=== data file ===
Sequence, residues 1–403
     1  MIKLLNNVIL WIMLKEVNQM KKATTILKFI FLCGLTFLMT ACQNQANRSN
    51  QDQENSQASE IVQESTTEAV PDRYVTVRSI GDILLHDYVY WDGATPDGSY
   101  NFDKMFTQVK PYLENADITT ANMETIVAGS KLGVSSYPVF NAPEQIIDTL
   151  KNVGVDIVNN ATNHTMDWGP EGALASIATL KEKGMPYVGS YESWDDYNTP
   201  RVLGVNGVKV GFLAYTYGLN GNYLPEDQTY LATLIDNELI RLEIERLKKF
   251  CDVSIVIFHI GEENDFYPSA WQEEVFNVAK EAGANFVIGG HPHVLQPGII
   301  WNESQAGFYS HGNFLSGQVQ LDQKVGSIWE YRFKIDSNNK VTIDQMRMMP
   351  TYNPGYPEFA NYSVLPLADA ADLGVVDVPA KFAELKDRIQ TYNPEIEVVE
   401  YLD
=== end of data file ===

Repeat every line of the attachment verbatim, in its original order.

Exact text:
Sequence, residues 1–403
     1  MIKLLNNVIL WIMLKEVNQM KKATTILKFI FLCGLTFLMT ACQNQANRSN
    51  QDQENSQASE IVQESTTEAV PDRYVTVRSI GDILLHDYVY WDGATPDGSY
   101  NFDKMFTQVK PYLENADITT ANMETIVAGS KLGVSSYPVF NAPEQIIDTL
   151  KNVGVDIVNN ATNHTMDWGP EGALASIATL KEKGMPYVGS YESWDDYNTP
   201  RVLGVNGVKV GFLAYTYGLN GNYLPEDQTY LATLIDNELI RLEIERLKKF
   251  CDVSIVIFHI GEENDFYPSA WQEEVFNVAK EAGANFVIGG HPHVLQPGII
   301  WNESQAGFYS HGNFLSGQVQ LDQKVGSIWE YRFKIDSNNK VTIDQMRMMP
   351  TYNPGYPEFA NYSVLPLADA ADLGVVDVPA KFAELKDRIQ TYNPEIEVVE
   401  YLD